The Knudsen number helps determine whether statistical mechanics or the continuum mechanics formulation of fluid dynamics should be used to model a situation. If the Knudsen number is near or greater than one, the mean free path of a molecule is comparable to a length scale of the problem, and the continuum assumption of fluid mechanics is no longer a good approximation. In such cases, statistical methods should be used.
The Knudsen number is a dimensionless number defined as
The representative length scale considered, , may correspond to various physical traits of a system, but most commonly relates to a gap length over which thermal transport or mass transport occurs through a gas phase. This is the case in porous and granular materials, where the thermal transport through a gas phase depends highly on its pressure and the consequent mean free path of molecules in this phase. For a Boltzmann gas, the mean free path may be readily calculated, so that
This regime classification is empirical and problem dependent but has proven useful to adequately model flows.
Problems with high Knudsen numbers include the calculation of the motion of a dust particle through the lower atmosphere and the motion of a satellite through the exosphere. One of the most widely used applications for the Knudsen number is in microfluidics and MEMS device design where flows range from continuum to free-molecular. Movements of fluids in situations with a high Knudsen number are said to exhibit Knudsen flow, also called free molecular flow.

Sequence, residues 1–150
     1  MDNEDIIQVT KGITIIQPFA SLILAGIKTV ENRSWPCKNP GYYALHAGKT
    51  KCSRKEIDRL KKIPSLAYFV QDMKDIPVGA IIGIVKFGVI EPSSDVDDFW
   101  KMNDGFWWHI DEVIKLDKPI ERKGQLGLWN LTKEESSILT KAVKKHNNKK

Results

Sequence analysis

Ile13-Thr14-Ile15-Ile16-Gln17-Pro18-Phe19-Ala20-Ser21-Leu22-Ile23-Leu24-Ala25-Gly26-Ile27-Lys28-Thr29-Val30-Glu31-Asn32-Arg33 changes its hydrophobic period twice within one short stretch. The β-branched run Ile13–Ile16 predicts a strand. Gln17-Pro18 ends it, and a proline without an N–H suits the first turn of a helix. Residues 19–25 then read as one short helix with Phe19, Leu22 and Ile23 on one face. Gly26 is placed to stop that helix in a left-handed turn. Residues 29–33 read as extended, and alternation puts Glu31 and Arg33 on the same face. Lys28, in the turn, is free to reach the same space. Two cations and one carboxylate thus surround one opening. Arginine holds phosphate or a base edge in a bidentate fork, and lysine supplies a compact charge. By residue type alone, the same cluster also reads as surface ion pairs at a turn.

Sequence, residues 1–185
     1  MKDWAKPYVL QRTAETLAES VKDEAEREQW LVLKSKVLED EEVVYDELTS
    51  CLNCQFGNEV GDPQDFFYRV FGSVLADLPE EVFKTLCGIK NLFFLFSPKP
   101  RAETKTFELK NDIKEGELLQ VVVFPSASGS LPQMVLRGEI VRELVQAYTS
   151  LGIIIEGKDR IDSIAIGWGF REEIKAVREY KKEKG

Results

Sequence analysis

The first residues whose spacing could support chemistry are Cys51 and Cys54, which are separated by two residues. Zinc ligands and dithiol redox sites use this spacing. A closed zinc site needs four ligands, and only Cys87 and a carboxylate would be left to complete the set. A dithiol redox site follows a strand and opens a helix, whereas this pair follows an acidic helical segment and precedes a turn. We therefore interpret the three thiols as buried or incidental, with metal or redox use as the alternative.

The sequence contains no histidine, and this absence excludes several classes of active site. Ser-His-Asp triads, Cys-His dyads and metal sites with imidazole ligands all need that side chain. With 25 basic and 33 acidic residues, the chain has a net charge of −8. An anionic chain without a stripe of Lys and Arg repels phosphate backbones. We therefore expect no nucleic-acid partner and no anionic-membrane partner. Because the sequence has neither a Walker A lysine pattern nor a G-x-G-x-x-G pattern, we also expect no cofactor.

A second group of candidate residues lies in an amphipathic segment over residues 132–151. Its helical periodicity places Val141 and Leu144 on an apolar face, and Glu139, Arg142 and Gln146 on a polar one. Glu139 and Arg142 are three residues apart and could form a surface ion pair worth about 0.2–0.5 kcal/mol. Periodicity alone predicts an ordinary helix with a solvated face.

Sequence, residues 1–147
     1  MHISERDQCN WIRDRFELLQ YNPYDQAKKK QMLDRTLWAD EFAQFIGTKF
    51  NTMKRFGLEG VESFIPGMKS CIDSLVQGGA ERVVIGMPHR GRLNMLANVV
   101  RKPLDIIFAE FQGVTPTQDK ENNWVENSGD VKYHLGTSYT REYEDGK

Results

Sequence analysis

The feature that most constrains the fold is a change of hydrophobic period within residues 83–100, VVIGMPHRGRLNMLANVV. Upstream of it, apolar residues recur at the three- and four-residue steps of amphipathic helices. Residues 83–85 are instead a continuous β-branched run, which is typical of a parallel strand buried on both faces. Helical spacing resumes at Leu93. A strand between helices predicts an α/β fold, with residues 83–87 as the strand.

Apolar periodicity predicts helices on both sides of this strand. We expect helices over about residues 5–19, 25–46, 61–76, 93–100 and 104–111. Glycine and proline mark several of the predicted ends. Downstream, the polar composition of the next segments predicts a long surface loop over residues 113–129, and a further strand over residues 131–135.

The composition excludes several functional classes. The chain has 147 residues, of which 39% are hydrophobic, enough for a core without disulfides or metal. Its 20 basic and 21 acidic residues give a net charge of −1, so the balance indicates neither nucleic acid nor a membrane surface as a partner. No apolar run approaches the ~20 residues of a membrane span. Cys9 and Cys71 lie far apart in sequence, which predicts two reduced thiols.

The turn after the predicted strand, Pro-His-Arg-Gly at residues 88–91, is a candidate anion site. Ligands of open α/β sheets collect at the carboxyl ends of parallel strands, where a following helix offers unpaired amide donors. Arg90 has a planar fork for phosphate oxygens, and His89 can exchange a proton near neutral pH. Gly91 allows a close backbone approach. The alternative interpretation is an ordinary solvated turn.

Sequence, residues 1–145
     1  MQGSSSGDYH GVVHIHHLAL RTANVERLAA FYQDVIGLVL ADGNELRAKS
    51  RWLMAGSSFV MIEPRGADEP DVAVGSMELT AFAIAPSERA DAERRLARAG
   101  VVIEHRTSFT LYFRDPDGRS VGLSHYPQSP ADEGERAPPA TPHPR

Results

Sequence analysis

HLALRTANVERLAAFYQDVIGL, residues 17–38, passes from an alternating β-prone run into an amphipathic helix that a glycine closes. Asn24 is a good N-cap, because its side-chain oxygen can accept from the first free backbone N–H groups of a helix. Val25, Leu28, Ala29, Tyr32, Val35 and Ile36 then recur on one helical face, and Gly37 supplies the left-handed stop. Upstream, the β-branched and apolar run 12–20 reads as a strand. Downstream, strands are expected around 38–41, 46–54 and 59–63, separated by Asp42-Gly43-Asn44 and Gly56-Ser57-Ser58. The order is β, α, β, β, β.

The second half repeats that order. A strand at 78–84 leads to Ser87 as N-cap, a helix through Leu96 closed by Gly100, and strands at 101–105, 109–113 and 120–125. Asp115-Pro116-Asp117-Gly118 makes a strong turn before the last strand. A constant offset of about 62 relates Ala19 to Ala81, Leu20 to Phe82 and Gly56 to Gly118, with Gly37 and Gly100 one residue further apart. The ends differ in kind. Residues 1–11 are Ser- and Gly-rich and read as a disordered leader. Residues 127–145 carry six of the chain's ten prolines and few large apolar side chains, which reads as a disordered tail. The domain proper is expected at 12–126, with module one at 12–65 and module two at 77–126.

Airflow around an aircraft such as an airliner has a low Knudsen number, making it firmly in the realm of continuum mechanics. Using the Knudsen number an adjustment for Stokes' law can be used in the Cunningham correction factor, this is a drag force correction due to slip in small particles (i.e. dp < 5 μm). The flow of water through a nozzle will usually be a situation with a low Knudsen number.
Mixtures of gases with different molecular masses can be partly separated by sending the mixture through small holes of a thin wall because the numbers of molecules that pass through a hole is proportional to the pressure of the gas and inversely proportional to its molecular mass. The technique has been used to separate isotopic mixtures, such as uranium, using porous membranes, It has also been successfully demonstrated for use in hydrogen production from water.
The Knudsen number also plays an important role in thermal conduction in gases. For insulation materials, for example, where gases are contained under low pressure, the Knudsen number should be as high as possible to ensure low thermal conductivity.
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